What is the point of living life? If God knows everything we are going to do, then what’s the point of living?
The purpose of our life has nothing to do with the needs of God. God is self-existent and self-sufficient. In Psalm 50:12, God says, “If I were hungry, I wouldn’t tell you…” The fact that God created man and knows everything that man will do (Because he ordained all that man will do) does not mean that life is meaningless and purposeless. God, as an all-knowing and rational being never does anything arbitrarily and without reason. In Ephesians 1:11 we are told that God “works all things after the council of his will.“ God has a “council” within himself and a “will” that he is working out, and this council and will encompasses “all things,” even the actions of men. The point of living is for our benefit, not God’s benefit (He was fined before he created man). When considering our purpose I will simply echo the Westminster Shorter Catechism: To glorify God and enjoy him forever. Our purpose (regardless of God’s foreknowledge of what we will do), is to worship our maker and enjoy him within the context of an eternal relationship.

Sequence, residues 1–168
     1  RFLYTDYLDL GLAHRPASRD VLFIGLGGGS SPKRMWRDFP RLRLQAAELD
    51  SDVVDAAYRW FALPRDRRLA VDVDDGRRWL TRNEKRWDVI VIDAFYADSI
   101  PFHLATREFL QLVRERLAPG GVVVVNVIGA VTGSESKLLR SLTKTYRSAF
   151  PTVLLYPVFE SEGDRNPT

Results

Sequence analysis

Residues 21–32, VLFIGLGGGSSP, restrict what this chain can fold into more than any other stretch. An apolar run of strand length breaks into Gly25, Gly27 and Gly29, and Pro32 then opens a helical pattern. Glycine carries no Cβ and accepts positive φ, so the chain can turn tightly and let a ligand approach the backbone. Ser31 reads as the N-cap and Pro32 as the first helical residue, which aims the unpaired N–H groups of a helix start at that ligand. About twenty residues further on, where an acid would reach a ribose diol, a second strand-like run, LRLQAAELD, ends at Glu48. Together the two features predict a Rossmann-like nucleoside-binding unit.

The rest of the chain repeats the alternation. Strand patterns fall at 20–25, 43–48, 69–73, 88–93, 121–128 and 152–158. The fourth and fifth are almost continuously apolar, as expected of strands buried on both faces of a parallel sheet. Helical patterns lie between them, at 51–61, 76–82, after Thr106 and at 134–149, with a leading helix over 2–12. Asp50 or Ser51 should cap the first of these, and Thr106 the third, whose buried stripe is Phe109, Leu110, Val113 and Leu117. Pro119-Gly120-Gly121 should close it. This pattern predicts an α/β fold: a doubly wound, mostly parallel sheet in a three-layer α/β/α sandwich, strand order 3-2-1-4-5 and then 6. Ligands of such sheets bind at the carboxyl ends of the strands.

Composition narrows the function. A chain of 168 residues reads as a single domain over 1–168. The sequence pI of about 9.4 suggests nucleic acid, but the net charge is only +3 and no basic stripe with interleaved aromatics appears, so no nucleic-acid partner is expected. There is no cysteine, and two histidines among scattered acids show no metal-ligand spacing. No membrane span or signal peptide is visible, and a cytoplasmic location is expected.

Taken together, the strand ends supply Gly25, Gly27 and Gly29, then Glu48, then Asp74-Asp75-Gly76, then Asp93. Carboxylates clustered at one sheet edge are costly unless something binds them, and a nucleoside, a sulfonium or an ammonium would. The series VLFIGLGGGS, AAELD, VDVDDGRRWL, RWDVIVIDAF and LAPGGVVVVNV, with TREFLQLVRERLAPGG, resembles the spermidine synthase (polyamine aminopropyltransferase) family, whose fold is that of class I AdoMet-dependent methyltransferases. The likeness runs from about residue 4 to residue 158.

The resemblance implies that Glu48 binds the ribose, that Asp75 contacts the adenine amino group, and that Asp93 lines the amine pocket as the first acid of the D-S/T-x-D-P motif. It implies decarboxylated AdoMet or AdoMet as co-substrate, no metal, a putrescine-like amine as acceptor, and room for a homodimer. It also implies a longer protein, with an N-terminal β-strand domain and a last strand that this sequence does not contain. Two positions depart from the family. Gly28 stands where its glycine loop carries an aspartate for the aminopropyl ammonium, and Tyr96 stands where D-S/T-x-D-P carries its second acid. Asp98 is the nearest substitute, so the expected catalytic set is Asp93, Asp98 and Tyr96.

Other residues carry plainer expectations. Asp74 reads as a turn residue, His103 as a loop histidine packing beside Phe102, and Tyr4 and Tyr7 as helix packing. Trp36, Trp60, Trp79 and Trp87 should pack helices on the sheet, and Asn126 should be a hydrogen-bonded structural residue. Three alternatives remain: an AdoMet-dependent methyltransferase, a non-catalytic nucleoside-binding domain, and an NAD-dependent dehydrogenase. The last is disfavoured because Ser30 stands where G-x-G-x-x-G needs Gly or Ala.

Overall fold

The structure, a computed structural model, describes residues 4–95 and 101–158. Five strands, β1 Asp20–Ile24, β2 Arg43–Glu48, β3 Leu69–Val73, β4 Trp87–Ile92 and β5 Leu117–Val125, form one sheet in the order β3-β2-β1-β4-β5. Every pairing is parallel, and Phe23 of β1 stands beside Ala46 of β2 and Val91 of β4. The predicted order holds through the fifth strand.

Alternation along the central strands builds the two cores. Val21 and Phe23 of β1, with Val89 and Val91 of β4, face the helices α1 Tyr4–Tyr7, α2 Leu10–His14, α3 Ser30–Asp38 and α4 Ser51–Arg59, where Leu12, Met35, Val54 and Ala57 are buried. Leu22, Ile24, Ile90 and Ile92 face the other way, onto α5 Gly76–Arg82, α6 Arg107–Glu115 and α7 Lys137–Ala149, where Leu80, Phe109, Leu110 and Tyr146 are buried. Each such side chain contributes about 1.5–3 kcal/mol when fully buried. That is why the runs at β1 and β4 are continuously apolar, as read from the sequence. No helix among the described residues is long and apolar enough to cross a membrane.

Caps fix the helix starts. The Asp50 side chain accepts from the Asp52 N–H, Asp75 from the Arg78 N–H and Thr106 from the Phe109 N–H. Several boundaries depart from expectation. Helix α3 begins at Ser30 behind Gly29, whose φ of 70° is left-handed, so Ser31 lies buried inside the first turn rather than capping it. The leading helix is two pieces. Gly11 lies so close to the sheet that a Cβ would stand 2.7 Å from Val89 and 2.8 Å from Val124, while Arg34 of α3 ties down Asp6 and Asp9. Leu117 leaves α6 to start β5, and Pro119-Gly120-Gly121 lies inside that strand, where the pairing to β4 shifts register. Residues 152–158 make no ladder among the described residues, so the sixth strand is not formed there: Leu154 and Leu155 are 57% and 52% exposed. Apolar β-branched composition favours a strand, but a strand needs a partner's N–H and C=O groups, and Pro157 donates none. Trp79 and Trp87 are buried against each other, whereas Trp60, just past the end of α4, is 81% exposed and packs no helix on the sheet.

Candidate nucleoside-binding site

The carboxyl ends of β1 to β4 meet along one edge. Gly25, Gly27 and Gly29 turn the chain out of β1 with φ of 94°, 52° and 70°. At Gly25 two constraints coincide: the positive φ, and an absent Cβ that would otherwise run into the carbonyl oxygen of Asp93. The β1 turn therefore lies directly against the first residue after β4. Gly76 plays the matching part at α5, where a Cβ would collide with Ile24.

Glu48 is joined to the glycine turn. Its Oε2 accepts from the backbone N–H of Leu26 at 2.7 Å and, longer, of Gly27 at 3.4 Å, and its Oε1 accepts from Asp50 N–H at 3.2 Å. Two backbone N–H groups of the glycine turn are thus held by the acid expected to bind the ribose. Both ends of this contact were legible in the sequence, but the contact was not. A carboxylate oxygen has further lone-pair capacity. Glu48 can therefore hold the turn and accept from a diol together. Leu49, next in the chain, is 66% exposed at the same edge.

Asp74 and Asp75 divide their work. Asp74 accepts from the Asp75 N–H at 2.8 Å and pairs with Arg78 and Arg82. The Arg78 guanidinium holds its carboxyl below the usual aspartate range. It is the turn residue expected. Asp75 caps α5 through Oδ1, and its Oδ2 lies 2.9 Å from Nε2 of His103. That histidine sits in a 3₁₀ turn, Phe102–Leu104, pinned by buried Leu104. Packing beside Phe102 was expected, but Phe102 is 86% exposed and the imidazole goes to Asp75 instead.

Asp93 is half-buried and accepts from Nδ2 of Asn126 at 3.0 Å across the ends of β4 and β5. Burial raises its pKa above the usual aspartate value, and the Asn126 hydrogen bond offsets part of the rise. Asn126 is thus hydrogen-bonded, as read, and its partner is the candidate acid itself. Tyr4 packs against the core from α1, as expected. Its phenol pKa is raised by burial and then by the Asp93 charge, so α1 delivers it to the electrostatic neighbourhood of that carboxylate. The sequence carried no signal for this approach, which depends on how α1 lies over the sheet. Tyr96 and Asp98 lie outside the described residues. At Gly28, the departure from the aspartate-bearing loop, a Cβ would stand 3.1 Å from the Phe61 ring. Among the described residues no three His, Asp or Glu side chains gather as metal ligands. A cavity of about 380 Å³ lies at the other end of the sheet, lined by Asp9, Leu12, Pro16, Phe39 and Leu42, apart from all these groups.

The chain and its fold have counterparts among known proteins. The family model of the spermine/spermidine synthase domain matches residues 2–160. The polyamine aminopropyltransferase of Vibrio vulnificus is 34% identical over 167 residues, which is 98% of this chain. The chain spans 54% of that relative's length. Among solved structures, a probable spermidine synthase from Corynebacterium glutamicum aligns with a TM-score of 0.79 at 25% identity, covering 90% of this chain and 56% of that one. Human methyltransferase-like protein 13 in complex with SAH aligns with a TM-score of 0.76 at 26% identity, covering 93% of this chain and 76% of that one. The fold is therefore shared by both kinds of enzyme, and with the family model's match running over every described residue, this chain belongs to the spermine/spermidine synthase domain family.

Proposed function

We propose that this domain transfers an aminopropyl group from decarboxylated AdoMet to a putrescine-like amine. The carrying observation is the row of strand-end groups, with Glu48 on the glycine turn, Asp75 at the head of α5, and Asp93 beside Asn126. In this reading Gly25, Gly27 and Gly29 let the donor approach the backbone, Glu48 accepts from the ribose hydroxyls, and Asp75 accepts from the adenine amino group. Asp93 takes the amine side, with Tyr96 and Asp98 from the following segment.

Is there time in heaven?
I think there will be time in heaven. I understand time as events which stand in a “before and later than relationship.” Because there will be events occurring in heaven, there will always be a before and after than relationship between them, and therefore, time will be experienced. Now, that being said, this is not to say that time will be experienced in the same way it is experienced here and now on earth. And we will want to make a distinction between “time” and “eternity.” God is eternal in the sense that he has neither beginning or end (Psalm 90:2). Human beings are eternal in the sense that while we had a beginning, we will have no end (as we will be with Christ forever in the New Heaven & Earth). However, the nature of God’s eternity is different than ours in that he is without beginning or end, and he existed before there were “events“ that could stand in a “before and later than” relationship; that is to say that God is timeless (existing without time).
How can God know everything? Wouldn’t it be difficult for God to know who is who?
God knows everything because he is omniscient. His omniscience is one his attributes. It is God’s very nature to know all things. To ask the “how” question here is to ask “How can God be God?” The answer is that: He just is. As God said of himself in Exodus 3:14, “I Am that I Am.” There are no reasons external to himself that explain how and why God is the way that he is. Apart from being omniscient, God is also omnipotent; that is to say that God is all powerful. Being all-powerful, it is not “difficult“ for God to know who is who, for there is ”nothing too difficult for him” (Jeremiah 32:17). Nothing is too difficult for a being that is all-powerful, for such a being has no limitations.